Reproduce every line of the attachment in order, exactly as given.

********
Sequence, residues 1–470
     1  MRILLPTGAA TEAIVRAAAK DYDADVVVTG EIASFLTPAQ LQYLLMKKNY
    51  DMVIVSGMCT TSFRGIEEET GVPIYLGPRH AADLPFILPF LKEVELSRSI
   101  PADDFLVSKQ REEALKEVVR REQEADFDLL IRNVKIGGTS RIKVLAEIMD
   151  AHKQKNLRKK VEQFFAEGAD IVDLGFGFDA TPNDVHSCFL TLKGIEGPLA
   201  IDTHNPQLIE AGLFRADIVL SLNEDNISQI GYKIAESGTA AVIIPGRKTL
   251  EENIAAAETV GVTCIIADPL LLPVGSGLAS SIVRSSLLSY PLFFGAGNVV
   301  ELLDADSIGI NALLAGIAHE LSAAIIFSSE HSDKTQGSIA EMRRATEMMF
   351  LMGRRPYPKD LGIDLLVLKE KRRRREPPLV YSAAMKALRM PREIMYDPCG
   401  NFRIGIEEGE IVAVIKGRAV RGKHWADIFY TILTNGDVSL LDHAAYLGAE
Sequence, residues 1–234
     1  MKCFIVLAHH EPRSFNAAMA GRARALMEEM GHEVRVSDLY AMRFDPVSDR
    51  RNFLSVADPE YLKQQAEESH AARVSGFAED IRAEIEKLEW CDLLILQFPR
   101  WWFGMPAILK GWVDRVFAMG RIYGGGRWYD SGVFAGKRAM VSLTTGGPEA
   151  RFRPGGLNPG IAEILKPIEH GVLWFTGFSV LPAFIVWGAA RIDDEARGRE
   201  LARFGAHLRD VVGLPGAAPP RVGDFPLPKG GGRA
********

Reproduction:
Sequence, residues 1–470
     1  MRILLPTGAA TEAIVRAAAK DYDADVVVTG EIASFLTPAQ LQYLLMKKNY
    51  DMVIVSGMCT TSFRGIEEET GVPIYLGPRH AADLPFILPF LKEVELSRSI
   101  PADDFLVSKQ REEALKEVVR REQEADFDLL IRNVKIGGTS RIKVLAEIMD
   151  AHKQKNLRKK VEQFFAEGAD IVDLGFGFDA TPNDVHSCFL TLKGIEGPLA
   201  IDTHNPQLIE AGLFRADIVL SLNEDNISQI GYKIAESGTA AVIIPGRKTL
   251  EENIAAAETV GVTCIIADPL LLPVGSGLAS SIVRSSLLSY PLFFGAGNVV
   301  ELLDADSIGI NALLAGIAHE LSAAIIFSSE HSDKTQGSIA EMRRATEMMF
   351  LMGRRPYPKD LGIDLLVLKE KRRRREPPLV YSAAMKALRM PREIMYDPCG
   401  NFRIGIEEGE IVAVIKGRAV RGKHWADIFY TILTNGDVSL LDHAAYLGAE
Sequence, residues 1–234
     1  MKCFIVLAHH EPRSFNAAMA GRARALMEEM GHEVRVSDLY AMRFDPVSDR
    51  RNFLSVADPE YLKQQAEESH AARVSGFAED IRAEIEKLEW CDLLILQFPR
   101  WWFGMPAILK GWVDRVFAMG RIYGGGRWYD SGVFAGKRAM VSLTTGGPEA
   151  RFRPGGLNPG IAEILKPIEH GVLWFTGFSV LPAFIVWGAA RIDDEARGRE
   201  LARFGAHLRD VVGLPGAAPP RVGDFPLPKG GGRA